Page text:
How to make it easier to persuade someone to buy from you | Authority Profits

How to make it easier to persuade someone to buy from you

If you want to persuade someone to buy your product or service, you’ll find it much easier if you are offering something they already want.

This may seem too obvious to be even worth mentioning but the truth is many people set up businesses with great ideas or good intentions based on what they think might be appropriate or good for people.

The key here is thinking about what people ‘want’ rather than what they ‘need‘ as people will usually spend more on something they want.

This was perhaps best set out by advertising legend Rosser Reeves when he coined the term Unique Selling Proposition and set out the following criteria for a good USP in his book “Reality in Advertising” in 1961:

  • Each advertisement must make a proposition to the consumer. Not just words, not just product puffery, not just show-window advertising. Each advertisement must say to each reader: Buy this product and you will get this specific benefit.
  • The proposition must be one that the competition either cannot, or does not, offer. It must be unique – either a uniqueness of the brand or a claim not otherwise made in that particular field of advertising.
  • The proposition must be so strong that it can move the mass millions; i.e. pull over new customers to your product. (In other words, it should sell – because it is something your prospects really want.)

Let’s start by getting clear whether we have something that people want to buy.

The keys to that are as follows:

  • What are the specific benefits your customer will get from buying your product or service?
  • How do know you they are willing to buy it?

Focusing on benefits

Many business owners describe what they do by a label or product name – “I’m a consultant” or “We clean carpets”.

To be persuasive, you need to think of your products or services in terms of what they do for your customers.

One way to approach this is by viewing it from your customer’s perspective and thinking about the problems they have or what they want to achieve.

  • What problems do people have that your products and services are able to solve?
  • If there is no problem to be solved, what opportunities or benefits can you offer that they are already looking for?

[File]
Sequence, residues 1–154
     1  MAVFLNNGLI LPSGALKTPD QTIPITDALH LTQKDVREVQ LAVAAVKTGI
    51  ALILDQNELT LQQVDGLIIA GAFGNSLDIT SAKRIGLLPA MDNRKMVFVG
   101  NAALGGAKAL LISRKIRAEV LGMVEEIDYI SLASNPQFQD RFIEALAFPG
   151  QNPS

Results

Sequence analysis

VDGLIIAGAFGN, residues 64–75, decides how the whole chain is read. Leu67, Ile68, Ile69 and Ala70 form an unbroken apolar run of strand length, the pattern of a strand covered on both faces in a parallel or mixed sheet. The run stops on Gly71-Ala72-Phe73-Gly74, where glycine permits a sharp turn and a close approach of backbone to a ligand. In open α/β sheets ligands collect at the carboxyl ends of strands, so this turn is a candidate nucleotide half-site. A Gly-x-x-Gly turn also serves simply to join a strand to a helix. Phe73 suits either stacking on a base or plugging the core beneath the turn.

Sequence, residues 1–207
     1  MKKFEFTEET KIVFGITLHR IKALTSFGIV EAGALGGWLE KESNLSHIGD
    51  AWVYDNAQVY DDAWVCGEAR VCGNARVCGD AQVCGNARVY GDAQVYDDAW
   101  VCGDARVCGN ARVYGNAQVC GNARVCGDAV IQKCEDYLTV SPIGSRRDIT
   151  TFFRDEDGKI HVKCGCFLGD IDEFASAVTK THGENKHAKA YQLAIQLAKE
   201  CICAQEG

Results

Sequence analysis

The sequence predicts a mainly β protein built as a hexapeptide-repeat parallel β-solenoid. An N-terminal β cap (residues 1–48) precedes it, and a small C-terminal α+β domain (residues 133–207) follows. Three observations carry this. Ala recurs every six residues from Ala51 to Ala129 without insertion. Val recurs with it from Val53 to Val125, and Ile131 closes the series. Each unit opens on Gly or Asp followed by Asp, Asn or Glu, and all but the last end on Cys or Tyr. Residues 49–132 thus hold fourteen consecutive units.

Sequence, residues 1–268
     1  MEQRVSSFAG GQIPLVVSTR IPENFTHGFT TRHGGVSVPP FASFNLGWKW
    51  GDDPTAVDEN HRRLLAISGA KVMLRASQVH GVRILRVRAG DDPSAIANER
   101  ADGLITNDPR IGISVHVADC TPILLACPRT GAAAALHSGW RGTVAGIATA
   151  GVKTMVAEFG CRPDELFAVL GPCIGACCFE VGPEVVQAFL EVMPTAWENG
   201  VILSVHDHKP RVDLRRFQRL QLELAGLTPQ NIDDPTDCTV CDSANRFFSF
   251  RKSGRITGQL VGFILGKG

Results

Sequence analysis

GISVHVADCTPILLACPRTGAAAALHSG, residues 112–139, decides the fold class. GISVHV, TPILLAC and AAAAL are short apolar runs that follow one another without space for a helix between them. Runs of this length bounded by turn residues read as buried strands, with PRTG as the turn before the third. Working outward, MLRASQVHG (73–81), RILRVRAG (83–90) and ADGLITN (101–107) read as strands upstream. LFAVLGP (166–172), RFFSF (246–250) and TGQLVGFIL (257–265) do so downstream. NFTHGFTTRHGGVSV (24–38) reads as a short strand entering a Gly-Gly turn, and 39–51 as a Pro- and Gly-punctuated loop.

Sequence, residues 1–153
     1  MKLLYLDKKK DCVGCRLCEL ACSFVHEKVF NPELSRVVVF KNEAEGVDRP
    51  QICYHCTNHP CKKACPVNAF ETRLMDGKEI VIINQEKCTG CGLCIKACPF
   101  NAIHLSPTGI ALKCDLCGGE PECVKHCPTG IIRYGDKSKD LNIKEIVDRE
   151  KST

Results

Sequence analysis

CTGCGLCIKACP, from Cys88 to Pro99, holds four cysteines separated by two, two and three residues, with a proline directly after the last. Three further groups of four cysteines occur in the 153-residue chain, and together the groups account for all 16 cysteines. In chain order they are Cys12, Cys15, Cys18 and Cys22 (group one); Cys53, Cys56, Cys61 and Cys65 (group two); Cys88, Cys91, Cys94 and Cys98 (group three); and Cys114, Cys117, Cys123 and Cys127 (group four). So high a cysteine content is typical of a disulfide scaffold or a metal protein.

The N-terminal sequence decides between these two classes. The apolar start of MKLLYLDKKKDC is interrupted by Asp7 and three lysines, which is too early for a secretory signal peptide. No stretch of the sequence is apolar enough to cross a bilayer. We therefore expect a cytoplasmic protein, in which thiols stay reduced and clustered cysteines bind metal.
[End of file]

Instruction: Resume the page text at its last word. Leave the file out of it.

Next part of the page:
• What are they currently buying to solve this problem or satisfy this need?
  • What’s wrong with the current solutions so that their wants are not being fully satisfied?
  • Why have they not satisfied this want already?

Another way of thinking about this is in terms of features and benefits.

A feature is some basic factual information about your product or service. For example, in a computer, one of the features may be that it has 1 gigabyte storage capacity.

Some people will understand what that’s all about but others won’t have a clue. So it’s important to spell out exactly what that means to them. This is the benefit.

For example, “It has 1 gigabyte of storage capacity, which means you can store as much information as you want with virtually no fear of filling it up.”

Try to uncover the ultimate end goal for a prospect interested in your product or service. For example, for tooth whitening, you might be tempted to say the end goal is to have white teeth.

But the end goal could be appearing more attractive to the opposite sex and having more confidence. Sometimes, you have to dig deep to find the real benefit.

Are they willing to buy?

It is one thing for people to say they want something and another for them to be willing to buy it at the price you want to sell it for.

So it’s important not only to have identified something that people want but also to have evidence that they are willing to pay for it.

You need to be able to identify who your potential customers are and establish data like the potential size of the market and details of competitors and their products.

In general, when you look at your market, you should see competition as being a good thing as it usually shows that there is a demand. Sure it’s good to be innovative with some new ideas but it’s also risky to break completely new ground where there is no existing competition.

So when you know you have something that people want to buy, the next step is finding out what makes your offer unique.